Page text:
IMPROFE: Quality Checks for E-Motors

Ulrike Kleb from the POLICIES institute is a specialist in the evaluation and interpretation of data. Her project team is developing methods to detect faulty stators during production and to predict possible deviations.

Ulrike Kleb with laptop in a stairwell with several people.
Ulrike Kleb (right.) is a specialist for statistics and data analysis. The aim of her research is to simplify the series production of hairpin stators for electric motors. Photo: JOANNEUM RESEARCH/Bergmann

The stator is the heart of every electric motor. The project partner Miba Automation Systems is developing a process for the serial production of hairpin stators within the scope of the IMPROFE FFG project. Hairpin technology is still relatively new in the automotive industry and enables increased motor efficiency on the one hand and on the other flexible and relatively cost-effective production even in large
volumes. This is where Ulrike Kleb from the POLICIES Institute and her team enter the scene. “To do this means that critical attributes of the stator need to be checked as completely as possible and inline, so directly in the manufacturing process,” Kleb explains. “The machine positioning and wiring of the hairpins to an electrically conductive winding is done in three production steps: Widening, twisting, and contacting, meaning the connection of the ends via spot welding.” The first two steps involve measuring the position of the pins using optical measurement methods thus ascertaining the quality. The quality check of the welding points is done by another project partner: The Institute of Physics at the University of Graz. This check uses a laser-ultrasound method that enables the direct measurement of the welding seam. The measurement results are then used by the statistics experts to create forecasts for the further steps.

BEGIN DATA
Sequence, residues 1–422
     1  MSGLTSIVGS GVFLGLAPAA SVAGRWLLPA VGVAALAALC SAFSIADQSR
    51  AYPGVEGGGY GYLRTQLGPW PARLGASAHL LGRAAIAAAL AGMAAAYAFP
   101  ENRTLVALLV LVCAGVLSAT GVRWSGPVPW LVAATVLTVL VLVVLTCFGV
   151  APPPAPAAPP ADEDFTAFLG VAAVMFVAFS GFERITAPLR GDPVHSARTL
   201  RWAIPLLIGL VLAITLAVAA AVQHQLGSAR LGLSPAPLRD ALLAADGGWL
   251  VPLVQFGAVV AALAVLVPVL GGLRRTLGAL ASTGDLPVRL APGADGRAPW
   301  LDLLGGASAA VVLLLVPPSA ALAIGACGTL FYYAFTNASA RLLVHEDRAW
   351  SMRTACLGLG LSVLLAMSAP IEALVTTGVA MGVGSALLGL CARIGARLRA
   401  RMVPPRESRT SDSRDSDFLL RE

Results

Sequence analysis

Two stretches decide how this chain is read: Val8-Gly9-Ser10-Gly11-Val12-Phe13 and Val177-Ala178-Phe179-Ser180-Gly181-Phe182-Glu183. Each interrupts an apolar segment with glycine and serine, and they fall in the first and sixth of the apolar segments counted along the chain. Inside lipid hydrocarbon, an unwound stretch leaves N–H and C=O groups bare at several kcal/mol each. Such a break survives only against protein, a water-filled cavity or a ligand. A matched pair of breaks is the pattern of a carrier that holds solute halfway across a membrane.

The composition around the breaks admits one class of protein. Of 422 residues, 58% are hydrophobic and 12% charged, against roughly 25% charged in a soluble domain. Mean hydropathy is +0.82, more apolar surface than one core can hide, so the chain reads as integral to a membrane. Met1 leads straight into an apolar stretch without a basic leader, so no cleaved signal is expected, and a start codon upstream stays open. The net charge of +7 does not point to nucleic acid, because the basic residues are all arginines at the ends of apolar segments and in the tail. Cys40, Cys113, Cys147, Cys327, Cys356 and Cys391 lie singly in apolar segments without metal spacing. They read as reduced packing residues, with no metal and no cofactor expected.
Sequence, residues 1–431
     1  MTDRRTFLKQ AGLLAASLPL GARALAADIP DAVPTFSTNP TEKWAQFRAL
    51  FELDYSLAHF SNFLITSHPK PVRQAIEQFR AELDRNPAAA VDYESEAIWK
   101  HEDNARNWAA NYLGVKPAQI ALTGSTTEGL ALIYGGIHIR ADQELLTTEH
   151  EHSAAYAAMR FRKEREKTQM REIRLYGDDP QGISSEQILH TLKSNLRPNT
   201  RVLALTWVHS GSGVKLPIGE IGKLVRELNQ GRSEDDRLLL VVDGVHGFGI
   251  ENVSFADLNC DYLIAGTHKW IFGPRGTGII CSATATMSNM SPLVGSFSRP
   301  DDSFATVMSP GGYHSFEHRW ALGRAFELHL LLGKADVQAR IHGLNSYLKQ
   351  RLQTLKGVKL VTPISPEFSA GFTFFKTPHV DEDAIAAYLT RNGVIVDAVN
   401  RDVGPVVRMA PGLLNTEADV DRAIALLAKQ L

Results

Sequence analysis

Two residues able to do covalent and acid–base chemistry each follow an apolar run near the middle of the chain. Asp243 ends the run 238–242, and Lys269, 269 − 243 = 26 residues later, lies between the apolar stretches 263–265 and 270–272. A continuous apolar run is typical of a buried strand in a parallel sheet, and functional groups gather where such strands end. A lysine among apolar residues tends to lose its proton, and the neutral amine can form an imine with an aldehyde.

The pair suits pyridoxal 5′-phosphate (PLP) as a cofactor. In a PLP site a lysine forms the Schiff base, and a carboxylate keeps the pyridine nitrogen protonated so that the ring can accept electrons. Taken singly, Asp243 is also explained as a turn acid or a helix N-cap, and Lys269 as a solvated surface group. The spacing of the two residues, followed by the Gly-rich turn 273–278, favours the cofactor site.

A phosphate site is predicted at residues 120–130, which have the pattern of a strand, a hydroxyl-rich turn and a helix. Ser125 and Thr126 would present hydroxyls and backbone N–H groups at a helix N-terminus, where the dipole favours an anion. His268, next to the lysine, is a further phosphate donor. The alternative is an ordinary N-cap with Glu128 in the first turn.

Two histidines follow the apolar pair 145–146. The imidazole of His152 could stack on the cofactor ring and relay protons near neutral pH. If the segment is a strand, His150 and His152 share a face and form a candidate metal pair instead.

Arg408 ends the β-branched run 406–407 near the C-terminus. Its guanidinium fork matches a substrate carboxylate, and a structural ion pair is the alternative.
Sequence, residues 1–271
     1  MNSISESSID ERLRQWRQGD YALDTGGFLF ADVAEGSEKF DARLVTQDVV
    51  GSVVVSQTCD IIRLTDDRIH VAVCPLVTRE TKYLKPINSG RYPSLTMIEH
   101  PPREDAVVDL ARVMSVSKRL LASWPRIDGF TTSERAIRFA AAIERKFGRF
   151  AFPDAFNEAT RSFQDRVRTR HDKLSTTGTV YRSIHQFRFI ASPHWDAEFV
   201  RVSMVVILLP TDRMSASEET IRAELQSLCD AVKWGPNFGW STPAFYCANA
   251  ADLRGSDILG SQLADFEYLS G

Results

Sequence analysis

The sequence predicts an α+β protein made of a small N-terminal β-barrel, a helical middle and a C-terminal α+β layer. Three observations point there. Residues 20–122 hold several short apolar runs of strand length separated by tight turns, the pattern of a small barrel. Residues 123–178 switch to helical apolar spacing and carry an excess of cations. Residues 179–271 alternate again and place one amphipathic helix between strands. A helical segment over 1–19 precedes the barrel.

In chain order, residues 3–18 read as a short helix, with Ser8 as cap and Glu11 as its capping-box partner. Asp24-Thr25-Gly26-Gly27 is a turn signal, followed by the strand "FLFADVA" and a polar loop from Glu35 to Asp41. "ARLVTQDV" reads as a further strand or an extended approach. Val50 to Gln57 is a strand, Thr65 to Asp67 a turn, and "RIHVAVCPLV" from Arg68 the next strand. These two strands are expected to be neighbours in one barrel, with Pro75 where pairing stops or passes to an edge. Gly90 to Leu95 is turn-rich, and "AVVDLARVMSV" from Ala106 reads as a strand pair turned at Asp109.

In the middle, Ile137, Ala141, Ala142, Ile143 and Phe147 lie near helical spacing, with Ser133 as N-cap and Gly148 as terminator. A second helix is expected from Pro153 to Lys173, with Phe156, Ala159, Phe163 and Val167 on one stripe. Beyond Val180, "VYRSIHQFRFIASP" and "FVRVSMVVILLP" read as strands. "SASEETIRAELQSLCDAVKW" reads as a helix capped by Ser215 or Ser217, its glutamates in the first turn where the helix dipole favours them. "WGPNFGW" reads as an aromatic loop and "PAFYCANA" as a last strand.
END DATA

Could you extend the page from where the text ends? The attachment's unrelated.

Digital Image enables Monitoring and Control

“The ultimate goal is to detect a deviation and change the machine parameters in subsequent production steps so as the prevent the fault,” Kleb explains. A digital representation of the manufacturing process is created for further optimisation. “In this way, the manufacturing process can be checked better and optimally controlled,” Kleb continues. “The bottom lineis that the automotive industry is able to manufacture high quality hairpin stators in very high volumes with the efficient use of resources.” IMPROFE will continue into 2024.

Ulrike Kleb  studied technical mathematics at the TU Graz and has worked at JOANNEUM RESEARCH since 1992. She focusses on the application of data analysis, statistics, and artificial intelligence for quality and resource optimisation in production.


Photo: Miba



Hairpin-Stator, Photo: Miba

Hairpin stator: In hairpin technology, the copper wires are...

Hairpin-Stator, Photo: Miba

...connected by a weld. Their shape is reminiscent of hairpins.